Abel Helman

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Abel Helman's tombstone in Ashland Cemetery, Ashland, Oregon

Abel D. Helman (April 10, 1824 – 5 March 1910) was an American pioneer of Ashland, Oregon.

Early life[edit]

Helman was born in Wayne, Ashland County, Ohio on April 10, 1824. Of German descent, he was the fourth of seven children. His youth was divided between work on the farm and education through a subscription school, which was common to that period. On October 23, 1849, he married Martha Jane Kanagy, with whom he had eight children.[1] Helman learned the carpenter's trade in Wooster, Ohio, and worked in cabinet-making until he was twenty-six years old.

Move to Oregon[edit]

News of the mid-century gold finds in California made its way East from time to time, fueling Helman's desire to make his own fortune. In January 1850, he sailed for California via Aspinwall, today's Colón, Panama, as a passenger on the steamer Ohio.

In April 1850, he arrived in San Francisco, where he made his way to Beaver Creek, California, and eventually on to Sacramento. In 1851, he drove a mule team from Yreka over the mountains to the Willamette Valley of Oregon, arriving in Salem. While en route he crossed a part of the tract of land that he afterwards took up through the Donation Land Claim Act, and upon which a large portion of Ashland, Oregon now sits.

He returned to California, and made his home at Yreka until January 1852, when he came to Jackson County, Oregon, with several others, all of whom secured donation land claims. After making preparations for having a home there he returned to Ohio for his wife and children.

In Ashland[edit]

Ashland, named after their old home county in Ohio, became their permanent place of residence. From that time on, Helman was closely associated with the community's growth and its surrounding development.

The boundaries of his farm extended north and south along what is now First Avenue above the Chautauqua grove and west on what is now Nutley Street, then north through what is now the old North School grounds almost to Bear Creek. As the town developed, he sold off much of his original tract, but at the time of his death was still occupying about 10 acres (40,000 m2) of the northern part of the claim.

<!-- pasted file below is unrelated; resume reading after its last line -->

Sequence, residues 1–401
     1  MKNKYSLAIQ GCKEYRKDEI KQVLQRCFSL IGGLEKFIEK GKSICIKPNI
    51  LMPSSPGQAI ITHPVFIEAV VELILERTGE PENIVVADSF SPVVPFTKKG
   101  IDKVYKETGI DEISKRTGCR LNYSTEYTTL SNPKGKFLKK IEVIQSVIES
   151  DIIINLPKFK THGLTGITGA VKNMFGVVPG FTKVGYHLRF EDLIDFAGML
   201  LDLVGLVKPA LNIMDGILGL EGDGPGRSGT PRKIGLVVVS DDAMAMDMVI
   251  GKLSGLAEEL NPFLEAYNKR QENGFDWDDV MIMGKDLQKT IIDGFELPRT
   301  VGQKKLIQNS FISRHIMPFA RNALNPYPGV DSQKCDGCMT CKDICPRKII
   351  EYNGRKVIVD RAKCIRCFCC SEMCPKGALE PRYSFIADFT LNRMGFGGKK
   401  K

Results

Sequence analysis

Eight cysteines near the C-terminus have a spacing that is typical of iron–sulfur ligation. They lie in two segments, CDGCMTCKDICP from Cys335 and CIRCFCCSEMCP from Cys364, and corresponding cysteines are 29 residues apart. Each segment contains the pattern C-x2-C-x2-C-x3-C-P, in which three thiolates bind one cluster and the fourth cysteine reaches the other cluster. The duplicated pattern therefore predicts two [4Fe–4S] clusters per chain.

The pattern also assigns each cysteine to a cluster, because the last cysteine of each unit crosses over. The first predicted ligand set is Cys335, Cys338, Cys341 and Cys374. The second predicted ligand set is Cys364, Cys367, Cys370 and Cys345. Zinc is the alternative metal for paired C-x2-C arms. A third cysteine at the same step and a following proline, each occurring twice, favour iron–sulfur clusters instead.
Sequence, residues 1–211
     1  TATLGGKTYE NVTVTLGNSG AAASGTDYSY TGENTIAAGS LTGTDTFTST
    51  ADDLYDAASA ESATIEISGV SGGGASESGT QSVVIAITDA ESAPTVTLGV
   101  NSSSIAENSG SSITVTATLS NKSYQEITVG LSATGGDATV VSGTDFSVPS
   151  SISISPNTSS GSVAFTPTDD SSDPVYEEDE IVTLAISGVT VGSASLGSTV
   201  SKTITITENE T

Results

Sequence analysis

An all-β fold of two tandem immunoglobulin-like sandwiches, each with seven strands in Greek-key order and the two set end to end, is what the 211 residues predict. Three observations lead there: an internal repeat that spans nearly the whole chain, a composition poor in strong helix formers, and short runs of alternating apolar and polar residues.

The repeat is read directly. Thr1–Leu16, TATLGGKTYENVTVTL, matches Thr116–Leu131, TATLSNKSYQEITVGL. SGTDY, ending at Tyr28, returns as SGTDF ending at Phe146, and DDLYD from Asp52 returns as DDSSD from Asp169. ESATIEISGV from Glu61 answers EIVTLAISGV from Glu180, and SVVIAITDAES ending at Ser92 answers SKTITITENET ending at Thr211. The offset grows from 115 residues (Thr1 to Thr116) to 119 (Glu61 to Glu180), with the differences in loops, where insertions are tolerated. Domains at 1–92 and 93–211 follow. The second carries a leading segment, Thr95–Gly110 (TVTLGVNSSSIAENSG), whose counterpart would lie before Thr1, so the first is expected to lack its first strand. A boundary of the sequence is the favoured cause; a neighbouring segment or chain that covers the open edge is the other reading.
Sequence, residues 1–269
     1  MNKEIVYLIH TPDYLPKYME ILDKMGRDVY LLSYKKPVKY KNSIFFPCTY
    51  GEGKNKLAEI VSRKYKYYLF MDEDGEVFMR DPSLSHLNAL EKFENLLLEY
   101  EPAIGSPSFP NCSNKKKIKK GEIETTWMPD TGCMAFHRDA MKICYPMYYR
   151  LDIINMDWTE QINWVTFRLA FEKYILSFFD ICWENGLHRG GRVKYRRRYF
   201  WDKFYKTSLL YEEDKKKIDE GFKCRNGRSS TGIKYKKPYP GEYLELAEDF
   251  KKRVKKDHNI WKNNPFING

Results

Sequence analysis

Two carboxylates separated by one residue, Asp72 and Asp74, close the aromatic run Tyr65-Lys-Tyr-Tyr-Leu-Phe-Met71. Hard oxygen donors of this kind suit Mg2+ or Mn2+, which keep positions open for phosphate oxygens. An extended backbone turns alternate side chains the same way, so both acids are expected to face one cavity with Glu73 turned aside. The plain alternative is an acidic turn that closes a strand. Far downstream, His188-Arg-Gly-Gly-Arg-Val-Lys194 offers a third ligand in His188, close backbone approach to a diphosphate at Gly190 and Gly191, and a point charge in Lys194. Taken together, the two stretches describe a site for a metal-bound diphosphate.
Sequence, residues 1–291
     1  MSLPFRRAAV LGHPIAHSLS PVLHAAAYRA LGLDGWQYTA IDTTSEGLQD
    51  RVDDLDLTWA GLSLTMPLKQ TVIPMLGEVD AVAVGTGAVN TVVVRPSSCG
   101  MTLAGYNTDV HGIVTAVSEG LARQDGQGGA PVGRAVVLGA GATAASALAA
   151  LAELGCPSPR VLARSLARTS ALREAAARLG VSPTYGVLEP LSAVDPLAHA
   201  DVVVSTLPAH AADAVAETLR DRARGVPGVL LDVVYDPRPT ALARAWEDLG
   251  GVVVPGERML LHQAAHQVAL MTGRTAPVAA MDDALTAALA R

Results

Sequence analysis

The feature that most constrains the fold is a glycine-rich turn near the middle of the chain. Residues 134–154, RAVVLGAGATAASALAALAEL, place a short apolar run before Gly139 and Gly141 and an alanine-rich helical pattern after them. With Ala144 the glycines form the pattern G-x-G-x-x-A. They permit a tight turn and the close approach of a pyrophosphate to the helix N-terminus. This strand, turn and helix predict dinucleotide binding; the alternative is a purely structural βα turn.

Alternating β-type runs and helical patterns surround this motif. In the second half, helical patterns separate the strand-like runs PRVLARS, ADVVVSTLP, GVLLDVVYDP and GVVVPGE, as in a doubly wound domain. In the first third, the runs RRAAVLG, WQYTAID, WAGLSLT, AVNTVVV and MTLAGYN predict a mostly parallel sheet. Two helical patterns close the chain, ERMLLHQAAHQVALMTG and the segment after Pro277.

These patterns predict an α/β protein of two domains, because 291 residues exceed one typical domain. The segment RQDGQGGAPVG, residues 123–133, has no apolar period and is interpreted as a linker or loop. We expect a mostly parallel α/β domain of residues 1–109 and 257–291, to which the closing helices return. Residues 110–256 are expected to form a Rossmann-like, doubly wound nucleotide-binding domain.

As Ashland grew Helman joined with other settlers in many works of public improvement. They built the first sawmill on the banks of Ashland Creek,[2] and the first flour mill which occupied a site near the center of the city that is now Lithia Park.[3] They were forced to endure many hardships and privations incident to pioneer life and in the early days faced constant danger of Indian attack. Helman was with those who defended the interests of the pioneers in the Rogue River Wars of 1855 and 1856, being stationed at a fort on Wagner Creek. His commission as a first lieutenant of the Mountain Rangers, Company A, of the First Regiment, First Brigade, Oregon Militia, was dated December 20, 1865. Helman was elected captain of the Rangers in 1866. He became the first postmaster of Ashland in 1855 and continued in that position for twenty-seven years.

Associations[edit]

Helman was a member of numerous fraternal orders and similar associations. He ranked high in the Independent Order of Odd Fellows (I.O.O.F.), having a wide acquaintance among the order throughout the state. He was one of the first members of Ashland Lodge, No. 45, I.O.O.F., and for many years served as one of its officers, filling every position in the subordinate lodge. In 1892, he was grand master of the grand lodge of Oregon. He became a member and past patriarch of the Pilot Rock encampment and he was also grand patriarch of the grand encampment of Oregon. For two years he was grand representative from Oregon to the sovereign grand lodge sessions and he was also prominent in the Rebekah Lodge.

Legacy[edit]

Helman died on 5 March 1910, at the age of 85, and was interred with the honors of the Rebekah Lodge.

Helman Elementary school in Ashland, Oregon is named for him.[3]

Sources[edit]

The Centennial History of Oregon, 1811–1912, Vol. II: Biographical, Chicago, The S. J. Clarke Publishing Company, 1912, pp. 619–20.

References[edit]

External links[edit]